An escrow agent owes the parties to the transaction a fiduciary duty (Talansky v Schulman, 2 AD3d 355, 359 [2003]), and therefore the agent, as a fiduciary, has "a strict obligation to protect the rights of [the] parties" for whom he or she acts as escrowee (Grinblat v Taubenblat, 107 AD2d 735, 736 [1985]). Moreover, an escrow agent has a duty not to deliver the monies in escrow except upon strict compliance with the conditions imposed by the controlling agreement (Farago v Burke, 262 NY 229, 233 [1933]). Here, insofar as the complaint alleges that Goldberg failed to ensure that the termination agreement and accompanying documents were in fact executed by plaintiff prior to releasing her deposit, it sufficiently states that Goldberg failed to strictly comply with the conditions imposed by the escrow agreement, which mandated release of the monies only upon a writing signed by the plaintiff. Additionally, notwithstanding that the purchase agreement between plaintiff and Goldberg premises Goldberg's liability only upon demonstration of gross negligence or willful misconduct, the complaint nevertheless states a cause of action for breach of fiduciary duty under this diminished standard of care insofar as it alleges that Goldberg enabled, aided and abetted Park in a scheme to convert plaintiff's deposit by intentionally, wantonly, and recklessly disregarding its fiduciary duties. Since the complaint alleges that Goldberg intentionally participated in the scheme to convert plaintiff's deposit, it sufficiently alleges that Goldberg was grossly negligent (Colnaghi U.S.A. v Jewelers Protection Servs., 81 NY2d 821, 823-824 [1993] [gross negligence is "conduct that evinces a reckless disregard for the rights of others or smacks of intentional wrongdoing"] [internal quotation marks omitted]), thereby breaching the duty of trust and loyalty it owed plaintiff as her fiduciary (Bardach v Chain Bakers, Inc., 265 App Div 24, 27 [1942] [as a trustee, an escrow agent owes his fiduciary "the highest kind of loyalty"], affd 290 NY 813 [1943]). Hence, plaintiff's complaint, the allegations of which on a motion to dismiss we must accept as true (Sokoloff v Harriman Estates Dev. Corp., 96 NY2d 409, 414 [2001]; Cron v Hargro Fabrics, 91 NY2d 362, 366 [1998]), states a cause of action for breach of fiduciary duty. The motion court thus erred in granting Goldberg's motion to dismiss pursuant to CPLR 3211(a)(7).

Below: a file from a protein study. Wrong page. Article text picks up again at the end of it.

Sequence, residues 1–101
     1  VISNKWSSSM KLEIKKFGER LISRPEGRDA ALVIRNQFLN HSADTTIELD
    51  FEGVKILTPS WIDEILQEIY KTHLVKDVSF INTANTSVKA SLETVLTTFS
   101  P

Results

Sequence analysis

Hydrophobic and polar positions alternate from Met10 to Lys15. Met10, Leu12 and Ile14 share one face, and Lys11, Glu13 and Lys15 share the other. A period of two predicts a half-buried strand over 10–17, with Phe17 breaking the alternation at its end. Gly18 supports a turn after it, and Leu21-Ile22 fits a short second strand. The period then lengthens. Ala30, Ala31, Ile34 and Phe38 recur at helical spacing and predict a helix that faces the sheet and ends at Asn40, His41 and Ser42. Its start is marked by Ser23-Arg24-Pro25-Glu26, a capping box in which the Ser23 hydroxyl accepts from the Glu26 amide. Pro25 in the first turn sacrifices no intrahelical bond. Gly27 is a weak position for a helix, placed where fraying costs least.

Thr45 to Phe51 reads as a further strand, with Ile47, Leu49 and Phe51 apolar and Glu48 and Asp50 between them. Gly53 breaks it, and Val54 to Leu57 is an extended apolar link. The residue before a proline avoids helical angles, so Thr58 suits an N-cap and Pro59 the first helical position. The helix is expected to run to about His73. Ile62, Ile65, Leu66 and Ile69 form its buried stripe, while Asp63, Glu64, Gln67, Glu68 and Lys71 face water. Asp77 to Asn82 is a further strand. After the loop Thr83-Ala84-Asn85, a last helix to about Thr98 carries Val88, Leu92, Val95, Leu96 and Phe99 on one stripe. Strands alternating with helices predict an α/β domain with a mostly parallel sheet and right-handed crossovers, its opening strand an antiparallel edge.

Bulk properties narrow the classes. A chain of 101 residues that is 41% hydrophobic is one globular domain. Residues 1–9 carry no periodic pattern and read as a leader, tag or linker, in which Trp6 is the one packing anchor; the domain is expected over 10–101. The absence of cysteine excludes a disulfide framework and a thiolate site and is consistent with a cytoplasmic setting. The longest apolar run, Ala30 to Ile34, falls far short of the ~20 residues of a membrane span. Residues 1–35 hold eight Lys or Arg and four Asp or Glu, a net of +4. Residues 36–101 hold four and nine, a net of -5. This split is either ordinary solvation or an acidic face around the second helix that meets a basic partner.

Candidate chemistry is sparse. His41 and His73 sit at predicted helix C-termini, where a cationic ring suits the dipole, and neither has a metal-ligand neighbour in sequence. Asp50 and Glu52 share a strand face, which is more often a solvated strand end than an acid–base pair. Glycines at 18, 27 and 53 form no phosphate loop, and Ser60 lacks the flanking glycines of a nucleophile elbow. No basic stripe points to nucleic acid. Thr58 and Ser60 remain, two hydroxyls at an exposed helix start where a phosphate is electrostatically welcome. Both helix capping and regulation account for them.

The motion court also erred in granting Goldberg's motion pursuant to CPLR 3211(a)(1) since a pre-answer motion for dismissal based upon documentary evidence should only be granted when "the documentary evidence utterly refutes plaintiff's factual allegations, conclusively establishing a defense as a matter of law" (Goshen v Mutual Life Ins. Co. of N.Y., 98 NY2d 314, 326 [2002]). Here, the same documents submitted by Goldberg evince that the plaintiff's signature on the termination agreement varies greatly from her signature on the purchase agreement. Accordingly, Goldberg's documentary evidence fails to establish that it released plaintiff's deposit upon a writing actually signed by her. Goldberg thus fails to utterly refute the allegations in plaintiff's complaint. Moreover, Goldberg's documentary evidence in no way refutes Goldberg's participation in a scheme to convert the deposit, and thus fails to establish a defense to plaintiff's allegation that Goldberg drafted the termination agreement to enable, aid and abet Park in a scheme to convert the deposit.